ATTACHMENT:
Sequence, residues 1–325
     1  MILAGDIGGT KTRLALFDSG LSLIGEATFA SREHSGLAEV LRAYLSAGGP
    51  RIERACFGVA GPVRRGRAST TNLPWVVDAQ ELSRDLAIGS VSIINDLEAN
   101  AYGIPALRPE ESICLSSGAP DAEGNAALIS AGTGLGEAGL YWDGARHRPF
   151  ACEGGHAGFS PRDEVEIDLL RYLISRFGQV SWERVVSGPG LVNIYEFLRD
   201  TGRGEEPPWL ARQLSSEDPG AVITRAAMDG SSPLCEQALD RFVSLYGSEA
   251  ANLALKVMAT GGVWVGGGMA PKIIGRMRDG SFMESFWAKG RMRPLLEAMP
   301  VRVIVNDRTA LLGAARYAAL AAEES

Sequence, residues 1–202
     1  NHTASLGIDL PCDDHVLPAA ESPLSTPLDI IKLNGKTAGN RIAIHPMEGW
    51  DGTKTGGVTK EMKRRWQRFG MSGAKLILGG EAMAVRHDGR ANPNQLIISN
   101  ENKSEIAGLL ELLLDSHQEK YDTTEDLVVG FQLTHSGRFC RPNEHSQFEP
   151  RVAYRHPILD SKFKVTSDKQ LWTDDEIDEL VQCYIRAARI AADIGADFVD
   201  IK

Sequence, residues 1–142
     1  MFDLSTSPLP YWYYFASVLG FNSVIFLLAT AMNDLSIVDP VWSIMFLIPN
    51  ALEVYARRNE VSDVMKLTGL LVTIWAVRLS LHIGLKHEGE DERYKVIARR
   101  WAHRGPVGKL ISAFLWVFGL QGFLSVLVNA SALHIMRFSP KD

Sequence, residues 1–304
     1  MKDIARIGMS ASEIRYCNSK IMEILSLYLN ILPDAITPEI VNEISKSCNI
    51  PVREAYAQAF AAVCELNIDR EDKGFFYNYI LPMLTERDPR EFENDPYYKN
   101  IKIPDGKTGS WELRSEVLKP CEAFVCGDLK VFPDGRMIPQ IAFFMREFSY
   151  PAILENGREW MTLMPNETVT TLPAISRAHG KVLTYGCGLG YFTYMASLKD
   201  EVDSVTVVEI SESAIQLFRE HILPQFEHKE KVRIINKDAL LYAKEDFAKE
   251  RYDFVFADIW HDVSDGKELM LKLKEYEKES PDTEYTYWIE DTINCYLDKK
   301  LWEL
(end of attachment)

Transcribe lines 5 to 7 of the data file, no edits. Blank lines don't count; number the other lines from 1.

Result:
   151  ACEGGHAGFS PRDEVEIDLL RYLISRFGQV SWERVVSGPG LVNIYEFLRD
   201  TGRGEEPPWL ARQLSSEDPG AVITRAAMDG SSPLCEQALD RFVSLYGSEA
   251  ANLALKVMAT GGVWVGGGMA PKIIGRMRDG SFMESFWAKG RMRPLLEAMP